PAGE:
When I was a young dancer performing at Wolftrap in Washington D.C., I ran into Baryshnikov out behind the performance building with a few other dancers from my company. He refused to give us even his own name scribbled on paper. Then he drove off in his little red sports car. Jerk.

So nice to see that you've got your autograph from Merce. He is indeed much kinder.

moontoon said...

wow, I'd love to be famous enough to sign your autograph.

cool.

Rick DeNatale said...

Hmmmm, very interesting idea, but...

I guess these aren't, strictly speaking autographs, since the auto prefix is in the same sense as autobiography.

So I guess it begs the question, what should be the name of such an artifact?

JoAnne said...

I think it would be called a heterograph.

Anonymous said...

wouldn't this be more interesting if some of the people who signed it were actually famous?

Anonymous said...

Anonymous must live under a rock.

Love,
Rip

Paul Schmelzer said...

Anonymous (1) has a point: nobody who signed has Oprah or Madonna fame, but it's not for a lack of trying. While I got a dozen or so signatures in person, many were obtained by written request. I sent letters to everybody from James Brown (he sent me his autograph, signed on the sheet where I clearly asked him to sign mine) to Oprah to Madonna to Brett Favre to Jack Nicholson. Maybe artists and intellectuals don't have as many handlers as rock stars and Hollywood starlets. Maybe they're just cooler.

A few more who have participated:
-Julian Bond (former chair of the NAACP)
-Billy Bragg
-Noam Chomsky
-Charlie Daniels
-Fats Domino
-Tanya Donnely (of Belly and Throwing Muses)
-Henry Louis Gates (of Harvard's Afro-American Studies Dept.)
-Jenny Holzer
-Julie Mehretu
-Kweisi Mfume (former NAACP prez)
-Meredith Monke
-Filmmaker Errol Morris
-Edward James Olmos
-Isabel Allende
-David Sedaris
-Ed Ruscha
-Jeff Tweedy of Wilco
-The entire Utne family (from the magazine Utne Reader)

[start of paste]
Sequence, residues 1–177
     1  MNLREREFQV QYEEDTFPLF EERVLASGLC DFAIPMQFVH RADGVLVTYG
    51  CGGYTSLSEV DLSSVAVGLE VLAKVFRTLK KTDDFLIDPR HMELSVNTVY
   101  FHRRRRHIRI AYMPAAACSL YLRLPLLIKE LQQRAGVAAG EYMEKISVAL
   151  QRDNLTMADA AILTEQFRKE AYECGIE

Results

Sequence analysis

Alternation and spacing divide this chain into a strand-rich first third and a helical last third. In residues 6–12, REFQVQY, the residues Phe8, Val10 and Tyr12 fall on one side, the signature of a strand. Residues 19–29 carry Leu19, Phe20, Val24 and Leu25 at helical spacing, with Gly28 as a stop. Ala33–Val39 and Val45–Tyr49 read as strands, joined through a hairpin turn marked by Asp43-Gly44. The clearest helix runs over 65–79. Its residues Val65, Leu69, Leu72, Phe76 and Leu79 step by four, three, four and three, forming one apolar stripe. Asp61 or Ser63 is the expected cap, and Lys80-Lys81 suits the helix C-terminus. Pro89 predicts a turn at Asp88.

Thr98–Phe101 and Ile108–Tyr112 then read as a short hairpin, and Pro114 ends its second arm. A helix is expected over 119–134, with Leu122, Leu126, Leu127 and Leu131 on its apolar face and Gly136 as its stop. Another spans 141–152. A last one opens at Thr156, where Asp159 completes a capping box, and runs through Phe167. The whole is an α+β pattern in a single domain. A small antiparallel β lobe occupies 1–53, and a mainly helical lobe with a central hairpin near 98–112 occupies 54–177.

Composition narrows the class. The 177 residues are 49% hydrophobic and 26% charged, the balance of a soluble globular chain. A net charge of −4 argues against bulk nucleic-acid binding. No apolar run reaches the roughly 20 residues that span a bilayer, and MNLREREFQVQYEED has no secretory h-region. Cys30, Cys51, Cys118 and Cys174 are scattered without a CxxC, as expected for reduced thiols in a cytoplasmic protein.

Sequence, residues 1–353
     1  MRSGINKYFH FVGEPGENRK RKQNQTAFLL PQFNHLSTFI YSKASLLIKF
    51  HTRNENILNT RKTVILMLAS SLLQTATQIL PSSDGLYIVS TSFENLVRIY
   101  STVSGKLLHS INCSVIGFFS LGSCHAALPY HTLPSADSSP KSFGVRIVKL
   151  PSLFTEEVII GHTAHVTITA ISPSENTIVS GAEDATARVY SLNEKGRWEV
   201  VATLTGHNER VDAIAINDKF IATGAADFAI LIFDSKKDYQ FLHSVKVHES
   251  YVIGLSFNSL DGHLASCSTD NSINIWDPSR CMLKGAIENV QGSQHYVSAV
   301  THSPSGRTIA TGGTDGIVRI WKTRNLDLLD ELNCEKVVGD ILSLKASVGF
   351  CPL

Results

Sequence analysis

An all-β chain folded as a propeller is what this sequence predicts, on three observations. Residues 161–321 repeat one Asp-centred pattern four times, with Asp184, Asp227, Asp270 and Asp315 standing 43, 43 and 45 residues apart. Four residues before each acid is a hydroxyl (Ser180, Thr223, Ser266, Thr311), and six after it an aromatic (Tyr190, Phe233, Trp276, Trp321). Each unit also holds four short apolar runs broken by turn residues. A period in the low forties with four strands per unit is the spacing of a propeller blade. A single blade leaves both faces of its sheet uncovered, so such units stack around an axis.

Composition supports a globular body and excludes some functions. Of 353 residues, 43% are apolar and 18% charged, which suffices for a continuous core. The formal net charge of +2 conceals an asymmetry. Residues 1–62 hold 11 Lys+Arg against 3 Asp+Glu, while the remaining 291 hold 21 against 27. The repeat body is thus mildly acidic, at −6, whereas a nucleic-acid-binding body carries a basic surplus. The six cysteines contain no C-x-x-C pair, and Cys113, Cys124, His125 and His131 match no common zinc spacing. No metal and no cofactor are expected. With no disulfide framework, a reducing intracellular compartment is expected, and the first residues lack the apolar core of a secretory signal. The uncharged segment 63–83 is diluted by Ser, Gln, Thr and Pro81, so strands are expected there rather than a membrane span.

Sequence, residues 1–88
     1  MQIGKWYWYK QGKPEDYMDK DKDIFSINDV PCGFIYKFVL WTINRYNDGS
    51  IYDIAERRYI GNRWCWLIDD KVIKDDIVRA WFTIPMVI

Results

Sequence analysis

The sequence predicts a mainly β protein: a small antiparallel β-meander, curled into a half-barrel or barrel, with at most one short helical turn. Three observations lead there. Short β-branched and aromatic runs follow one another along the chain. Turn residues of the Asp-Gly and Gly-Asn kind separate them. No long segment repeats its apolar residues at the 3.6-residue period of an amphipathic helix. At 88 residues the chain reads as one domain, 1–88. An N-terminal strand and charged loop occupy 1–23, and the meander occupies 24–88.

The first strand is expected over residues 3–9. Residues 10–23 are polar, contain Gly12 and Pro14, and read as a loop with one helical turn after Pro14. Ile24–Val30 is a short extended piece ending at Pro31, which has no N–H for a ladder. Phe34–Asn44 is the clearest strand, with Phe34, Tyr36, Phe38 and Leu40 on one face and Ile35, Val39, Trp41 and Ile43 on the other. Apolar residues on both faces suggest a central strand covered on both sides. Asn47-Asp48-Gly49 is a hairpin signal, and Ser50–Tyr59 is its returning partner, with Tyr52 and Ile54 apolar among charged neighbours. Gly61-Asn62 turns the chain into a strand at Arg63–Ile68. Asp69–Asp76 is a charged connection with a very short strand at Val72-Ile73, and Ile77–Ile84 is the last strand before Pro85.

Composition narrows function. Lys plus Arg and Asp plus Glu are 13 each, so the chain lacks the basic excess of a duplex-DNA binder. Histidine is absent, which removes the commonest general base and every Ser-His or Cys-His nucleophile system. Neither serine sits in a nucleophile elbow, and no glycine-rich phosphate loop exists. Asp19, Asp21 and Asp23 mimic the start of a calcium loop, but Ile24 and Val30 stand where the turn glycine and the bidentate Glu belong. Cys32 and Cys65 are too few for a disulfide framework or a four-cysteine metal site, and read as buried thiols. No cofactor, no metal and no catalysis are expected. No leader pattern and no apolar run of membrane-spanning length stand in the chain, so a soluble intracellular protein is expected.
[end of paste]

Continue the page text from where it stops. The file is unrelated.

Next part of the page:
Paul Schmelzer said...

Recently added:
Wolfgang Puck

Some lesser-knowns who signed:
Alan Berliner, filmmaker
Craig Baldwin, filmmaker
Bonnie Blair, Olympic speedskater
Michael Feldman, NPR radio personality
Matthew Fox, theologian/author
Julia Butterfly Hill, activist/author
Doris “Granny D” Haddock, campaign-finance activist
Mark Hosler, artist (Negativland)
Wing Young Huie, photographer
Naomi Klein, author (No Logo)
Norbert Kox, visionary artist
Winona LaDuke, VP candidate w/Ralph Nader
Kalle Lasn, Adbusters publisher
Maya Lin, sculptor
Meredith Monk, musician
Errol Morris, documentary filmmaker (Thin Blue Line)
J.Otto Seibold, illustrator (Olive the Other Reindeer)
Annie Sprinkle, porn star/artist
Brian Swimme, mathematical cosmologist/author
Robert Wilson, theater director (Einstein on the Beach)

Sarah said...

This is perfect.

When I went to my first book-signing, I got a little bit obsessed with some kind of skewed autograph collecting, but I couldn't quite figure out what I wanted. Authors to sign each other's books? Authors to all write in my book? No wait, that's an autograph book. Then I gave up. But this would have done the job.

Thanks for an obscure bit of closure!

Anonymous said...

When Digg picked up on this awhile back, it only got 14 Diggs. Add some more if you like it.

Tim J.

Anonymous said...

What an unusual, creative, and novel idea! I love the 'shove it in your face' irony! Keep up the good work and by all means keep us posted!

John said...

This post was very awesome. I'd love to see more like it.

dorfmeister said...

A fantastic idea.

Here, please have your name in cyrillics, providing Misha Baryshnikov didn't do this:

Пол Шмельцер

Maybe I'll be famous someday... And you'll treasure this.

Paul Schmelzer said...

Looks like the cyrillic letters didn't make it through comment moderation, Dorfmeister. But I already treasure it. Maybe that'll be phase two: signatures from the not-so-famous (or not-yet-famous).

Karen said...

What a fabulous idea! All from the mouth of a child.